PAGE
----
The worms contain high levels of crude protein, amino acids, healthy fat, minerals and vitamins and are very tasty apart from being highly nutritious.
The mopane worm is the caterpillar of the emperor moth and is named after the mopane tree, on whose leaves it feeds after it hatches. The worms are harvested from the trees squeezed out and dried before they are sold in local markets.
4. Palm Weevil Larva
Across West and Central Africa, the Palm Weevil larva is favorite in many households. The African palm Weevil Larva contains up to 70 percent fat and is often fried in its own fat.
The larvae are hatched from eggs laid by adult palm weevils in the trunk of palm trees. Although they are usually associated with oil palms, these larvae can be found in coconut trees and palm trees including dates.
Palm weevil larva are also enjoyed in Indonesia Cambodia and Thailand and are even farmed by specialized farmers in an attempt to meet the huge demand.
Palm Weevil Larva
Insects for Animal Feed
Protein is the main component in animal feed accounting for over 60 percent of animal feed composition. The rarity, cost and demand of animal feed has made it inaccessible to smallholder farmers who are in dire need of it.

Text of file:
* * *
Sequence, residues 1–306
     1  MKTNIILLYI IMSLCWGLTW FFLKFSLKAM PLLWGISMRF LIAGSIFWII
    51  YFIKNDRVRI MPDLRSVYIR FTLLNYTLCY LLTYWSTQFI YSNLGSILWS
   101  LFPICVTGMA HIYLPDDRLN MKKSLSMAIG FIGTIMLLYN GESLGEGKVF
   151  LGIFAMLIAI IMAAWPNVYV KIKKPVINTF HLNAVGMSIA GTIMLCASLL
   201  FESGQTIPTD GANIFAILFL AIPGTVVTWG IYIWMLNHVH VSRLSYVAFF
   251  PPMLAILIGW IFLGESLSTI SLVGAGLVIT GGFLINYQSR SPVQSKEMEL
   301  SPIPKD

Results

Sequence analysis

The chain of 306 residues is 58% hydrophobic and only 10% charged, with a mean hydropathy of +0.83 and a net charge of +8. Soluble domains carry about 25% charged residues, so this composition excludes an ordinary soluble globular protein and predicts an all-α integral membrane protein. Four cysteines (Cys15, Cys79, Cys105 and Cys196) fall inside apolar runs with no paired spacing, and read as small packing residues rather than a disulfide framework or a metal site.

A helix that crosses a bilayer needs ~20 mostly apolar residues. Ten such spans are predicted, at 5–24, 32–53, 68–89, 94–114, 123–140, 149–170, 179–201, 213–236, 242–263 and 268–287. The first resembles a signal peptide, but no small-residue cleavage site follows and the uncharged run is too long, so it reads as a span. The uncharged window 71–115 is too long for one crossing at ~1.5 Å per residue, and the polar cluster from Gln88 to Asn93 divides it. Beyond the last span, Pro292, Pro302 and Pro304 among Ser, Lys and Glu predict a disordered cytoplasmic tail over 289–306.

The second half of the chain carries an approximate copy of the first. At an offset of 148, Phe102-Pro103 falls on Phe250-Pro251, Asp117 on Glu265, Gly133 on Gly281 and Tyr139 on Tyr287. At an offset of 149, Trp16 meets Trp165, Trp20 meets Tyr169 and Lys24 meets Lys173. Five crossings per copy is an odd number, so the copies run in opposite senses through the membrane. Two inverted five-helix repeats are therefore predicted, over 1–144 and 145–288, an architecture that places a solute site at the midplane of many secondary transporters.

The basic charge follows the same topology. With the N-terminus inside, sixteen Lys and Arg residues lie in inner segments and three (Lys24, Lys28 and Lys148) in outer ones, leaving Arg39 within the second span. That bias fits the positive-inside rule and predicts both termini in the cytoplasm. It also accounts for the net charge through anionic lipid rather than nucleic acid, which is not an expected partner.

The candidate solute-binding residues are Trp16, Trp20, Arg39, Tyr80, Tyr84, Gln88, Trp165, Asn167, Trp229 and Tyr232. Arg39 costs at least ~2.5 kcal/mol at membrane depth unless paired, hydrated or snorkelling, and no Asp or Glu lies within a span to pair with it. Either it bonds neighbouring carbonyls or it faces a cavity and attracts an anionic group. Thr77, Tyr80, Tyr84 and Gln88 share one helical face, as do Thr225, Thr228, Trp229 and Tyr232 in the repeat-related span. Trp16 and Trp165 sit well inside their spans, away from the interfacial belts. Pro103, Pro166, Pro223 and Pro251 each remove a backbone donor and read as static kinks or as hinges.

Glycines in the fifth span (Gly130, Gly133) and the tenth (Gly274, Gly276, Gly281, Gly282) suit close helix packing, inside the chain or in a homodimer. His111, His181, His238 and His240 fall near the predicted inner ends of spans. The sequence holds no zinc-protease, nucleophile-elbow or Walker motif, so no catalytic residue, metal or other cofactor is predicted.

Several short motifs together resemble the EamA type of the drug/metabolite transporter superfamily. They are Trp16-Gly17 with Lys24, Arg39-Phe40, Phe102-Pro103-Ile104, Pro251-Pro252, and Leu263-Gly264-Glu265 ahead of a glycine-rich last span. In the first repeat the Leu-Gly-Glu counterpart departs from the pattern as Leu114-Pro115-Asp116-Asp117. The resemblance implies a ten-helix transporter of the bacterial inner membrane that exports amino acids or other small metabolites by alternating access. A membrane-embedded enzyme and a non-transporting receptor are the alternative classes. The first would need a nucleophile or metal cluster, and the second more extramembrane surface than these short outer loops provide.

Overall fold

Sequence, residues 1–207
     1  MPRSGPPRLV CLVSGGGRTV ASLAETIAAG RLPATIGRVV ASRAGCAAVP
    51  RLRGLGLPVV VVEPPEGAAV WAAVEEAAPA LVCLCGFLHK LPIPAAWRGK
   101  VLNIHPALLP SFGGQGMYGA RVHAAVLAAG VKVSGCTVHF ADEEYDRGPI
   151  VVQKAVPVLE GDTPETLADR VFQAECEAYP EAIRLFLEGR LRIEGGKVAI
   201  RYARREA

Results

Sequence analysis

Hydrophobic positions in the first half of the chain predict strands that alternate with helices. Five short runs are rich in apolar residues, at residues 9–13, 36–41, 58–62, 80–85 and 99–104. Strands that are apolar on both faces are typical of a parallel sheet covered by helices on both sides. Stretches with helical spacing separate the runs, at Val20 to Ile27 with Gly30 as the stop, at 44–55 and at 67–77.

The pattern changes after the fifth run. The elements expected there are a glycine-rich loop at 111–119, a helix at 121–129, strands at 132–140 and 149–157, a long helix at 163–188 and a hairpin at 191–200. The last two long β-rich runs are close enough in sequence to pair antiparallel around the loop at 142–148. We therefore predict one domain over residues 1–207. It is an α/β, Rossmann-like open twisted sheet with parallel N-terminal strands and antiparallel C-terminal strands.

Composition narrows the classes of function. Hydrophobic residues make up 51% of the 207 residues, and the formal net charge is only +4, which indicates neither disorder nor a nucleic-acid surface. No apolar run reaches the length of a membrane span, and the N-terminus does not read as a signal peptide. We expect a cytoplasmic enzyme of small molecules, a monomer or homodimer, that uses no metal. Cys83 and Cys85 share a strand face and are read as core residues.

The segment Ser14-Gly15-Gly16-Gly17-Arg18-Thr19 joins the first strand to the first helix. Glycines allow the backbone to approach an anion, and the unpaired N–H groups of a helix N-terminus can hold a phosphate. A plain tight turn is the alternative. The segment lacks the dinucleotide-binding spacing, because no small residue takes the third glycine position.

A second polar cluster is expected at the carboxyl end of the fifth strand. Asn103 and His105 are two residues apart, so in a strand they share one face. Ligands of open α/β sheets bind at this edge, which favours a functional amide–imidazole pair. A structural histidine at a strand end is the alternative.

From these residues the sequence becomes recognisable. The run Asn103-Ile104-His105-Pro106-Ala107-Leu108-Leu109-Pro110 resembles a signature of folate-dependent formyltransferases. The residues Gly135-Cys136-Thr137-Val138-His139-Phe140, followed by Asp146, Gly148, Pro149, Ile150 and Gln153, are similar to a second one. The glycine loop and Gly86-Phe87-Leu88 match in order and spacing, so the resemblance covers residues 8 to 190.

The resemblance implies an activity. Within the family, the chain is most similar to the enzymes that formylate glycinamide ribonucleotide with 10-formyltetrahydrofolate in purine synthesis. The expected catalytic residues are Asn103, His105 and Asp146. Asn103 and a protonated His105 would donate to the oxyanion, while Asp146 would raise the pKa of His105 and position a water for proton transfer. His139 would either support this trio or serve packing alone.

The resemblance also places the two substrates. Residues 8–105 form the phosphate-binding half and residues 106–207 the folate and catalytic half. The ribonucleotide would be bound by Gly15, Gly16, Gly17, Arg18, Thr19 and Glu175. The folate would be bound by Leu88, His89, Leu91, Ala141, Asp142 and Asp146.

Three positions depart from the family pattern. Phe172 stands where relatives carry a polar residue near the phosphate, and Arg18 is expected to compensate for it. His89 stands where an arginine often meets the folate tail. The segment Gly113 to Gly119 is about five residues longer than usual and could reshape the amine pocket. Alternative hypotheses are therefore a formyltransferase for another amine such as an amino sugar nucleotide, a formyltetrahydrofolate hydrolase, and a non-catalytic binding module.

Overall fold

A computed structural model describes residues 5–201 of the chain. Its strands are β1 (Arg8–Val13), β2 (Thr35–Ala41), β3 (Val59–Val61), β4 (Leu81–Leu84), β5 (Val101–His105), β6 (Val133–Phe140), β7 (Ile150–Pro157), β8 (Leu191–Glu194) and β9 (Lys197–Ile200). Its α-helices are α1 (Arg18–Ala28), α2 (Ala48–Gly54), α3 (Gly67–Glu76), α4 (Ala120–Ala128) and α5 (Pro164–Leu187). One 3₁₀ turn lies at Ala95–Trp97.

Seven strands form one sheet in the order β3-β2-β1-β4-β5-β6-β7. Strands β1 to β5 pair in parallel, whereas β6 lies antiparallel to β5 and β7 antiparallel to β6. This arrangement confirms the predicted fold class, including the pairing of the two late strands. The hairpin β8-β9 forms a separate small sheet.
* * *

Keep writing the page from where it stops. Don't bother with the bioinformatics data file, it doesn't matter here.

Researchers in Kenya and Uganda working with ICIPE have now come out to encourage the adoption of insects as a protein substitute in animal feed. Poultry and fish industries are amongst the fastest growing agribusinesses that face potential insecurities due to expensive inputs such as feed.
The research is using methods to equip over 10,000 households and train over 60 small and medium enterprises in mass insect rearing and processing of food.
Despite the widespread consumption of insects in Africa, health workers are warning against the harvesting and consumption of insects killed by insecticides, as the composition of the chemicals can be a hazard to human and animal health.
ASARECA is therefore issuing advice and caution against consuming of insects especially locusts that are currently being sprayed by national organizations using insecticides.